alexa Abstract | Survival of Moss Reproductive Structures under Simulated Martian Environmental Conditions and Extreme Thermal Stress: Vibrational Spectroscopic Study and Astrobiological Implications
ISSN: 2332-2519

Journal of Astrobiology & Outreach
Open Access

OMICS International organises 3000+ Global Conferenceseries Events every year across USA, Europe & Asia with support from 1000 more scientific Societies and Publishes 700+ Open Access Journals which contains over 50000 eminent personalities, reputed scientists as editorial board members.

Open Access Journals gaining more Readers and Citations

700 Journals and 15,000,000 Readers Each Journal is getting 25,000+ Readers

This Readership is 10 times more when compared to other Subscription Journals (Source: Google Analytics)

Research Article Open Access


The principal goal of astrobiology is the search for extraterrestrial life forms. A key aspect is the study of the ability of different kinds of terrestrial organisms to support simulated extraterrestrial environmental conditions. Mosses are multicellular green plants, poorly studied from an astrobiological perspective. In this paper, we report experimental results obtained using two species of moss, which demonstrate that both the spores of the moss Funaria hygrometrica as well as the desiccated vegetative gametophyte shoots of the moss Tortella squarrosa (Pleurochaete squarrosa) were capable of resisting Simulated Martian Environmental Conditions (SMEC): Mars simulated atmospheric composition 99.9% CO2, and 0.6% H2O with a pressure of 7 mbars, -73 ºC and UV irradiation of 30 mW cm-2 in a wavelength range of 200-400 nm under a limited short time of exposition of 2 hours. After being exposed to SMEC and then transferred to an appropriate growth medium, the F. hygrometrica spores germinated, producing typical gametophyte protonemal cells and leafy shoots. Likewise, detached leaves from SMEC-exposed gametophyte shoots of T. squarrosa retained the ability to produce new protonemata and shoots under suitable growth conditions. Furthermore, we studied the tolerance of these moss structures to a thermal stress of 100 °C for 1 h; in both cases the spores and shoots were capable of resisting this heat treatment. Our study using FT-Raman and FT-IR vibrational spectroscopy demonstrated that neither spores nor shoots apparently suffered significant damage in their biomolecular makeup after being subject to these stress treatments. The implications of these findings for the search of life on Mars are discussed.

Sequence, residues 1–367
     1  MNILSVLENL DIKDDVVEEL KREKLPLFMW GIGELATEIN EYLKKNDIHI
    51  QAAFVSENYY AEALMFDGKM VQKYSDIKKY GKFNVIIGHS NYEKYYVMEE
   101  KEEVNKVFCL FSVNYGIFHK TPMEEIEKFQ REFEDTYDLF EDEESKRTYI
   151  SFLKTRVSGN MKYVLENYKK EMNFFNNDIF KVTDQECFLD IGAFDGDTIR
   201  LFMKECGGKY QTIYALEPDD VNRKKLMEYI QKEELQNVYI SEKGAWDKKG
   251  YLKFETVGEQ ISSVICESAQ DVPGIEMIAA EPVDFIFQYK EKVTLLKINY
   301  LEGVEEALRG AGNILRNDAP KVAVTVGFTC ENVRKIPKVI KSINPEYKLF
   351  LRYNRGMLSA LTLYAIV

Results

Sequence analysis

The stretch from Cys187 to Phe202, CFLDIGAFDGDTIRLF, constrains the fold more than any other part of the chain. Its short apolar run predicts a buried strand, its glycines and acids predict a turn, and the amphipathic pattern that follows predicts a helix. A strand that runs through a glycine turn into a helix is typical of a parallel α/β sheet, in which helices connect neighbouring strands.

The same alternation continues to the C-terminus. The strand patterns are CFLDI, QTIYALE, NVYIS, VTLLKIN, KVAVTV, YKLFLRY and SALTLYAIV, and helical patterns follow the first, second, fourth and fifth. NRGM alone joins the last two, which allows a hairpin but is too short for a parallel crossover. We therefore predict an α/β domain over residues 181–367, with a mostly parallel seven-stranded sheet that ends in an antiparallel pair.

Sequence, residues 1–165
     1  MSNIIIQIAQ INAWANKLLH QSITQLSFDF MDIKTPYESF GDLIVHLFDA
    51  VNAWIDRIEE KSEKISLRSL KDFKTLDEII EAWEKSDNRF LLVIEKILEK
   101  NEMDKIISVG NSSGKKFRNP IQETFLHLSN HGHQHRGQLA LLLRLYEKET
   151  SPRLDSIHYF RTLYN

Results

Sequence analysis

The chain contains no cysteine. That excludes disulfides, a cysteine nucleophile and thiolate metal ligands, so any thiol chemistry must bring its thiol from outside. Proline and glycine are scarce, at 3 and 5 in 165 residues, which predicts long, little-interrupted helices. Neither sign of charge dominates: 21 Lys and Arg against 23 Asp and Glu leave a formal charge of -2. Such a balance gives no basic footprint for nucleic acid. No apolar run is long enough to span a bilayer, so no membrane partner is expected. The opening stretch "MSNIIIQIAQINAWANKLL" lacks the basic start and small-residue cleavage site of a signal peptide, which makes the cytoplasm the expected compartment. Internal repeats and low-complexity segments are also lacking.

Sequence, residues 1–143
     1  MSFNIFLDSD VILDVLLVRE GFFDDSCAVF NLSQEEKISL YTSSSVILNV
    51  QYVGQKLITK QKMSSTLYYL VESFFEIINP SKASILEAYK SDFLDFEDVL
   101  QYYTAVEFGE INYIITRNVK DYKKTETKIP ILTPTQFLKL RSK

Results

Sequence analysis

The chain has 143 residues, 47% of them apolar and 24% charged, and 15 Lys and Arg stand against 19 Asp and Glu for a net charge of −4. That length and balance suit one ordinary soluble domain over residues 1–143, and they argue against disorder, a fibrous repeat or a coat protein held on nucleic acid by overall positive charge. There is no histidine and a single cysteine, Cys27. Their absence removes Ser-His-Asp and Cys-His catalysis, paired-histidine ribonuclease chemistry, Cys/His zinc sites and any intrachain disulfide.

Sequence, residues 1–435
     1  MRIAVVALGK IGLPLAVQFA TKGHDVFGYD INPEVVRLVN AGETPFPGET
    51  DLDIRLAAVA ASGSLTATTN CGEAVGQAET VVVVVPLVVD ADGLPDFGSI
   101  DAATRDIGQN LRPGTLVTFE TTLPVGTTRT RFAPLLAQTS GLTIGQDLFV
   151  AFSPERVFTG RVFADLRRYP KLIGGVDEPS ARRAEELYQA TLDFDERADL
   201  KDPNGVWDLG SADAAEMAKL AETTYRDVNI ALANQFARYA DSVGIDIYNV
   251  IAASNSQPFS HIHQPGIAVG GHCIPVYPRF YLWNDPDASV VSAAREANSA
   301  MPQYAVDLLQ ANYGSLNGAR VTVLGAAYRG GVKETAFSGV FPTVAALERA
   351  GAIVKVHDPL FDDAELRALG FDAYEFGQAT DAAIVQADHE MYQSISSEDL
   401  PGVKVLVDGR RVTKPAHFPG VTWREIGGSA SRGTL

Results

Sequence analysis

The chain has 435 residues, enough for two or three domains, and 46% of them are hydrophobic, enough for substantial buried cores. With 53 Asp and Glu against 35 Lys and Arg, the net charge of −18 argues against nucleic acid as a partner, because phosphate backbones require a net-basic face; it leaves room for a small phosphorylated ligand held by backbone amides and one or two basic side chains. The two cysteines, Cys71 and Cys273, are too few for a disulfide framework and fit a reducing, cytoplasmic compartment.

To read the full article Peer-reviewed Article PDF image | Peer-reviewed Full Article image

Author(s): Jose Maria Gomez Gomez, Belen Estebanez, Aurelio Sanz-Arranz, Eva Mateo-Martí, Jesus Medina and Fernando Rull


Vibrational spectroscopy, Moss, Spores, Funaria hygrometrica, Dried gametophyte, Tortella squarrosa (=Pleurochaete squarrosa), Survival, Thermal stress, Biomarkers, Moss sporopollenin, Simulated Mars Environmental Conditions (SMEC), Asteroids and Life, Astrobiology, Astronomy, Astronomy Equipment

Share This Page

Additional Info

Loading Please wait..
Peer Reviewed Journals
Make the best use of Scientific Research and information from our 700 + peer reviewed, Open Access Journals
International Conferences 2017-18
Meet Inspiring Speakers and Experts at our 3000+ Global Annual Meetings

Contact Us

© 2008-2017 OMICS International - Open Access Publisher. Best viewed in Mozilla Firefox | Google Chrome | Above IE 7.0 version